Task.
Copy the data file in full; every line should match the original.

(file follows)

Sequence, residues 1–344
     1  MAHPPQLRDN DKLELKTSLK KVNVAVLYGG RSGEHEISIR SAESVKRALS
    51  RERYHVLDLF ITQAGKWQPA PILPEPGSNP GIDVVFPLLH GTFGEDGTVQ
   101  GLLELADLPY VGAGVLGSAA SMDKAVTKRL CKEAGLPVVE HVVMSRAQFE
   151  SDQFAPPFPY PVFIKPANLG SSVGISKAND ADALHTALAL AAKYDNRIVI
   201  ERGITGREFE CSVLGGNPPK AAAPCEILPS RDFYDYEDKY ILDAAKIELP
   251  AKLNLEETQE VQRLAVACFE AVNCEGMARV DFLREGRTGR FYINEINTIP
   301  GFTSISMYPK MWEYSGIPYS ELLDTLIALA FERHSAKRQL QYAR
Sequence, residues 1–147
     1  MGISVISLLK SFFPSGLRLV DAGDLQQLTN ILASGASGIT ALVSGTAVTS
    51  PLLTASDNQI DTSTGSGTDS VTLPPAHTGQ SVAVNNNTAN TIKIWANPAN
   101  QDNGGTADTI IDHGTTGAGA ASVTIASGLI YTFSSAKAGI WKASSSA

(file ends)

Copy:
Sequence, residues 1–344
     1  MAHPPQLRDN DKLELKTSLK KVNVAVLYGG RSGEHEISIR SAESVKRALS
    51  RERYHVLDLF ITQAGKWQPA PILPEPGSNP GIDVVFPLLH GTFGEDGTVQ
   101  GLLELADLPY VGAGVLGSAA SMDKAVTKRL CKEAGLPVVE HVVMSRAQFE
   151  SDQFAPPFPY PVFIKPANLG SSVGISKAND ADALHTALAL AAKYDNRIVI
   201  ERGITGREFE CSVLGGNPPK AAAPCEILPS RDFYDYEDKY ILDAAKIELP
   251  AKLNLEETQE VQRLAVACFE AVNCEGMARV DFLREGRTGR FYINEINTIP
   301  GFTSISMYPK MWEYSGIPYS ELLDTLIALA FERHSAKRQL QYAR
Sequence, residues 1–147
     1  MGISVISLLK SFFPSGLRLV DAGDLQQLTN ILASGASGIT ALVSGTAVTS
    51  PLLTASDNQI DTSTGSGTDS VTLPPAHTGQ SVAVNNNTAN TIKIWANPAN
   101  QDNGGTADTI IDHGTTGAGA ASVTIASGLI YTFSSAKAGI WKASSSA